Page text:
SOUTHERN SKIES By Mike P. Usher usher34105@earthlink.net   Tonight Capricornus, the goat, rides fairly high in the southeastern sky. It is usually visualized as a hybrid half goat – half fish creature; it’s also extremely old – it has endured essentially unchanged for over 3,000 years. Likely this is because of its great importance (to an agricultural society) as being the site of the winter solstice in the early bronze age. Nowadays the winter solstice occurs in nearby Sagittarius. Capricornus is supposed to be the second dimmest of the zodiacal constellations after Cancer, but I don’t find it difficult to ... Read More »

The Hero rides high in the sky

SOUTHERN SKIES By Mike P. Usher usher34105@earthlink.net Face west and look up; way, way up and spot the bright blue-white star Vega very nearly at the zenith tonight. If you can see anything at all you will see Vega, one of the brightest stars in the sky. It’s also the brightest star in the constellation Lyra, the lyre, which includes a small, but distinctive parallelogram just above Vega. For some completely mysterious reason a large number of people refer to Vega as the north star, which is odd as the star is quite some distance (over 50 degrees) away from ... Read More »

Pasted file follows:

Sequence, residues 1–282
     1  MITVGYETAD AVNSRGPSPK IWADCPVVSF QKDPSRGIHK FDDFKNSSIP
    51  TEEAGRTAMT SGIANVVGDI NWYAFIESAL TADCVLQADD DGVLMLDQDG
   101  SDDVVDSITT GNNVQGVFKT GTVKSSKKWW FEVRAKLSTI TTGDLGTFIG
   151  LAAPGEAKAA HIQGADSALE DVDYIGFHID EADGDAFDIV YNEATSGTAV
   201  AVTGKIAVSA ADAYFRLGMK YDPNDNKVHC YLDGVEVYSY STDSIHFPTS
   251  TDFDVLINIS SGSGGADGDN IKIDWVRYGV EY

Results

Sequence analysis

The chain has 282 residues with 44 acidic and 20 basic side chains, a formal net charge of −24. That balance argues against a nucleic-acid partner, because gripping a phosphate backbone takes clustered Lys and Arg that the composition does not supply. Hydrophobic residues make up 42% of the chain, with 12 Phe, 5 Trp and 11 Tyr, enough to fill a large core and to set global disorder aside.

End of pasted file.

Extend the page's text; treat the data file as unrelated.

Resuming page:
The unmentioned constellation

SOUTHERN SKIES By Mike P. Usher usher34105@earthlink.net As Mars and Saturn sink towards the western horizon, leaving the evening sky planet-less until October, look instead to the south and view Ophiuchus. Ophiuchus, also known as the serpent-bearer, is a large constellation situated above the Milky Way and dipping all the way down to the ecliptic – making it the thirteenth zodiacal constellation. This fact is ignored in astrological columns for some reason even though the constellation has been recognized since ancient times. The constellation is usually depicted in old artworks as a man holding a very large snake, something like ... Read More »

The Realm of the Dragon